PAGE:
“The record’s latest single “Boys in Heat” clocks in at just over a minute and is incredibly catchy, so it’s easy to find yourself on your fourth or fifth listen without noticing. It’s a confident indie rock jam that exudes carefree summer fun.”

“Dennis Hopper in Easy Rider” is their “September Gurls” for a generation that first experienced “Little Honda” via Yo La Tengo’s I Can Hear the Heart Beating as One. Philadelphia’s 2nd Grade has released the third track from their upcoming full-length Hit to Hit. According to the band, “Dennis Hopper in Easy Rider” is “a rip-roaring earworm about clueless machismo set in the world of the road dog.” It’s insanely catchy.

Second Grade is Peter Gill, Jon Samuels, Jack Washburn, Catherine Dwyer, and Will Kennedy.

Lomelda nails it with this album lots of killer melodies and harmonies linked to poignant lyrics, Just some of the most simple, gorgeous, heartbreaking — and shortest — songs I’ve heard in a long, long time. My new album ’M for Empathy’ is mostly things said or shoulda said, heard or shoulda. Much of it, and it’s just a lil, came to me, or outta me, outta a deepening silence. Something you can hear a lot of I hope. It let me voice again. It also let me not, and only sing as much as I wanted, which is important too. Making peace with the word in me, just a lil, all my might.

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at Lazybones Studio in Silsbee, TX
January 26-28, 2019

Performed and produced by Hannah Read, Tommy Read at Lazybones Studio in Silsbee, TX
January 26-28, 2019.

This album has so much heart, so much sincerity behind it that you can’t help but love it. Beautiful lyrics, excellent guitar tones, just enough rhythmic complexity – it’s like a rich slice of pie you eat silently at a family gathering, waiting for the next big thing to happen.

With differing time zones and work hours separating the members of Great Grandpa, their follow-up to 2017’s grunge-influenced Plastic Cough had every reason to sound safe and familiar. Instead, without meaning to, the five-piece recorded an album of emo, alternative, and folk-rock hybrids. Four Of Arrows is an immediate listen; these songs are earnest and worried, seemingly always reaching for hope that’s just out of grasp. But they never sound defeated, at least not with friends by their sides. It’s as if by experiencing major changes individually, they saw all the ways in which Great Grandpa could blossom together.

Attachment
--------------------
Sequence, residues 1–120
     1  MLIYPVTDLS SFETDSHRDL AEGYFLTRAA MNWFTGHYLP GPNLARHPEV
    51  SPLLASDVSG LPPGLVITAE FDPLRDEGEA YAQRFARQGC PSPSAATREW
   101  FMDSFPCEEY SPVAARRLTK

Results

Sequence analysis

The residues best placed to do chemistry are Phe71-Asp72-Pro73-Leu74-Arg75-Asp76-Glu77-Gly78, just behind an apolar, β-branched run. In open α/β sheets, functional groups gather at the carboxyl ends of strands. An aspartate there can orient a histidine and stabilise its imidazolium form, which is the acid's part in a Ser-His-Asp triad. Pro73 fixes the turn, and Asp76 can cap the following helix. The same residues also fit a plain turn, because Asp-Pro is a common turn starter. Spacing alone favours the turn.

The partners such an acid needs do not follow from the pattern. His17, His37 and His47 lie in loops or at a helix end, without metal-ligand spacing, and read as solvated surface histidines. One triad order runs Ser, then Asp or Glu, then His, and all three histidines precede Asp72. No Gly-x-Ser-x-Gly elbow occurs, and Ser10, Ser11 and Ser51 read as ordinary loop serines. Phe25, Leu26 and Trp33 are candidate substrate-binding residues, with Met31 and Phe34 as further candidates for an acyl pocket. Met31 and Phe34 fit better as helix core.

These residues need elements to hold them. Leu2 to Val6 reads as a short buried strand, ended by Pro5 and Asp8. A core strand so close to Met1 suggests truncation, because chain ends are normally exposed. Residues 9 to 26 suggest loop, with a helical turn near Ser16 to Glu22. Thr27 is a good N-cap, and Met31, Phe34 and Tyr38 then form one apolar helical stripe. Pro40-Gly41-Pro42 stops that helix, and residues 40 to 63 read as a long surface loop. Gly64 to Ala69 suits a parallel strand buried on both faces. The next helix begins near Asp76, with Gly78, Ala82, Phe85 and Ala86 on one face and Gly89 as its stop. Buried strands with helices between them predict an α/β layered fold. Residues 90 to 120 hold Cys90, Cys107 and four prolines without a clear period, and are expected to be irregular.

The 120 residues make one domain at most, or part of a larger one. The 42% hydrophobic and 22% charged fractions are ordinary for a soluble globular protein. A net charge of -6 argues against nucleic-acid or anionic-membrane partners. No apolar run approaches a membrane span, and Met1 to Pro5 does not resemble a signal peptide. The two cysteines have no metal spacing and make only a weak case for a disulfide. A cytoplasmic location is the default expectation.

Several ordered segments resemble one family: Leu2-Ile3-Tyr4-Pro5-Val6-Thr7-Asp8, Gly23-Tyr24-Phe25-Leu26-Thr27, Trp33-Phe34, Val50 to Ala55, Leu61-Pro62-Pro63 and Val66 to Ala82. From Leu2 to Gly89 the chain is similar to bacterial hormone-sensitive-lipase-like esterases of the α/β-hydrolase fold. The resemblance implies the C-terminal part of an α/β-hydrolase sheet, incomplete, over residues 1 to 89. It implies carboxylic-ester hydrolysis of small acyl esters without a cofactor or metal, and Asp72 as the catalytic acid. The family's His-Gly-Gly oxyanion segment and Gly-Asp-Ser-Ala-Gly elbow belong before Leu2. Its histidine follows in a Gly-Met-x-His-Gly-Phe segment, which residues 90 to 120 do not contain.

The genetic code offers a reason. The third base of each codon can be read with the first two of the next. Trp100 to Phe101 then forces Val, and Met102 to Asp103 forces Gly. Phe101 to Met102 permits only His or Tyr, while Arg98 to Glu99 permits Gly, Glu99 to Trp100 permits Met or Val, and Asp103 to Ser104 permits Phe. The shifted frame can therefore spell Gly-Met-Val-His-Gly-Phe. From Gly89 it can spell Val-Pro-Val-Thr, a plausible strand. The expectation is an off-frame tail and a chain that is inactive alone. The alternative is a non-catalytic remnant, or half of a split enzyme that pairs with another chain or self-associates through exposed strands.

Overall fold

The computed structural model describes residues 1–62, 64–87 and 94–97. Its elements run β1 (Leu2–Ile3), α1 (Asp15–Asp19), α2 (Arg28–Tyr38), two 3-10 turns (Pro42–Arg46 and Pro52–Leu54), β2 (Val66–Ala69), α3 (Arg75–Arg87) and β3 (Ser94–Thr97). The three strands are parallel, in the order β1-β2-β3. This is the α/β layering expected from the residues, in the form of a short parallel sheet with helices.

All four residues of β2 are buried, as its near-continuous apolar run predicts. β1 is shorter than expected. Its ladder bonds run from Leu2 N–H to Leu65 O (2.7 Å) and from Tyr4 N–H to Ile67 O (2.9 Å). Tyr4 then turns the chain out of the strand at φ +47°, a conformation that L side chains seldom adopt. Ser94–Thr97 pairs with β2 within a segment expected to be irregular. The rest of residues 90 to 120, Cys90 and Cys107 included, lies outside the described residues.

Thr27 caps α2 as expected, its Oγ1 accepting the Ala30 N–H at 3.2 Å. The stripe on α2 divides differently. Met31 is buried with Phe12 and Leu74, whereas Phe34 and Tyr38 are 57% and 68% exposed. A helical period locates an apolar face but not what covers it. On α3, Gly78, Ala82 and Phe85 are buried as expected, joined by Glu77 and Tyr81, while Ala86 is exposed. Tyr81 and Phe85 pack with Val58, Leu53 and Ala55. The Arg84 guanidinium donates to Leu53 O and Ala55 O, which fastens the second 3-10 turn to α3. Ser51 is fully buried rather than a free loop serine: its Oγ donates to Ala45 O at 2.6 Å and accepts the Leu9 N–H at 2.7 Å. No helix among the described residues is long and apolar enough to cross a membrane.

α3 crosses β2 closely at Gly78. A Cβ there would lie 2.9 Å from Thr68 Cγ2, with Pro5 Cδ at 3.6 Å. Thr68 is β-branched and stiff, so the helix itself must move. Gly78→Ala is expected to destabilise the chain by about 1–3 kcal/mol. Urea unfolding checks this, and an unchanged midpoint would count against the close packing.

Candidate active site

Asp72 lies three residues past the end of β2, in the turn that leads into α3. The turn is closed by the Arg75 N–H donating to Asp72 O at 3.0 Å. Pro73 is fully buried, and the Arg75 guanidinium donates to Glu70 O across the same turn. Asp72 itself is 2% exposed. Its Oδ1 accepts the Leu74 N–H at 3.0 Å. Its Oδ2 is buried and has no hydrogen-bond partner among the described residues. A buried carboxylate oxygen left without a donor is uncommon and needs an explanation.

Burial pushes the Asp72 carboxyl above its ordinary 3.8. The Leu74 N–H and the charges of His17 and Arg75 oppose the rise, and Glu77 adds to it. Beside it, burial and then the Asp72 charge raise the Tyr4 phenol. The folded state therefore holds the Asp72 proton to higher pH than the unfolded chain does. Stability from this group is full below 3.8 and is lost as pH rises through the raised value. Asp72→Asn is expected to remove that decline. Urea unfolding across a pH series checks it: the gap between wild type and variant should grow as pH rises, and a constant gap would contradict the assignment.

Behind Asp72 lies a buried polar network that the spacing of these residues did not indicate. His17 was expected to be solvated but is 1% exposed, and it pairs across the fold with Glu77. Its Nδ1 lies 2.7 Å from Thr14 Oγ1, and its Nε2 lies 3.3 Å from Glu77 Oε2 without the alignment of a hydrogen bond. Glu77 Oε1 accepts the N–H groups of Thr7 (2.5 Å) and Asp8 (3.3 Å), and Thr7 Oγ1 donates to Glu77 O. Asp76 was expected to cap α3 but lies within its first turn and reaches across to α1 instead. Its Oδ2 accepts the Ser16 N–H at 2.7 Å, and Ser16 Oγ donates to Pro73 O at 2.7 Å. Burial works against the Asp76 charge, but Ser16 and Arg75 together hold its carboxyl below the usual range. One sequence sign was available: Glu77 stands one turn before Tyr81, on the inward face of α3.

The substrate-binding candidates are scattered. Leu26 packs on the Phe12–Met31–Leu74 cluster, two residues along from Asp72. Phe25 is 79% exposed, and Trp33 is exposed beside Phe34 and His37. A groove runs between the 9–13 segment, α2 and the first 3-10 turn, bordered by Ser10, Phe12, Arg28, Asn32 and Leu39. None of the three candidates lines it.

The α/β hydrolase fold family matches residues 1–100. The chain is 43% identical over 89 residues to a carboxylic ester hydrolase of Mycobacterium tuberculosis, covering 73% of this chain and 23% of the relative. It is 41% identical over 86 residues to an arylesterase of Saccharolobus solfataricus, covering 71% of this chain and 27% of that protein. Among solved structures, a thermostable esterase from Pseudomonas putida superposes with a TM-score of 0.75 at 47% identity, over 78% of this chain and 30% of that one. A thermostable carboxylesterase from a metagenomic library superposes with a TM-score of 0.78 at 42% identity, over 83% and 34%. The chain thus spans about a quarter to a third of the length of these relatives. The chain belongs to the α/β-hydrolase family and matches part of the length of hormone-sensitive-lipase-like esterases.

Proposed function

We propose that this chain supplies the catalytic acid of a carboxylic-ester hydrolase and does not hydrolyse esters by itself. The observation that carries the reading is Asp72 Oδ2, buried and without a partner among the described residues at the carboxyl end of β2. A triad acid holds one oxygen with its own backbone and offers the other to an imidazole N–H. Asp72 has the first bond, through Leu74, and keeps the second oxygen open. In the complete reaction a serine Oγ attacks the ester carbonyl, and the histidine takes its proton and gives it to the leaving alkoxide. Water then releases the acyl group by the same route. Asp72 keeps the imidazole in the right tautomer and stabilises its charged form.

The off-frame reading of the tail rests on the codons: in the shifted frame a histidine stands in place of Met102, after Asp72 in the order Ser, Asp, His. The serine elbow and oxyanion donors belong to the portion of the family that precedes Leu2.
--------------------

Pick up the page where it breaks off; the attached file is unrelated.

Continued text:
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Four of Arrows, a creative turn toward introspection and Great Grandpa’s collective result of rest and solitude. Undoubtedly, the 11 songs comprising Four of Arrows are a departure from the playful nods to pizza and zombies on Plastic Cough. The writing and recording process had evolved – less Seattle garage jams and more vulnerable solo songwriting sessions. Most of the songs on Four of Arrows were written in isolation by Patrick and Carrie Goodwin while traveling and living in the Midwest.

The band instantly found common threads between their individual contributions, citing mutual love and admiration for vulnerable and emotionally resonate music. Four of Arrows embraces subtlety and pays close attention to the quiet. From the methodical dirge of “Dark Green Water” into the haunting and howling guitar of “Digger” – Great Grandpa try something new by letting the acoustic guitar and piano lay the foundation for many of the album’s tracks.

Released October 25th, 2019

Ever since we first heard the lush Cranberries-esque guitar strums that opened last year’s Sugar and Spice, Hatchie’s debut EP, we’ve been desperately waiting for a full album from the Australian dream pop artist. One of our best new artists of 2018 delivers a home run on her debut, “Keepsake”, one that’s more polished and Sky Ferreira-esque than last year’s EP, fully capitalizing on the promise of those first handful of songs. Every track here is a knockout, each equally life affirming and capable of soundtracking nearly any indie film. Keepsake is a gorgeous listen front to back. Get ready to believe the hype.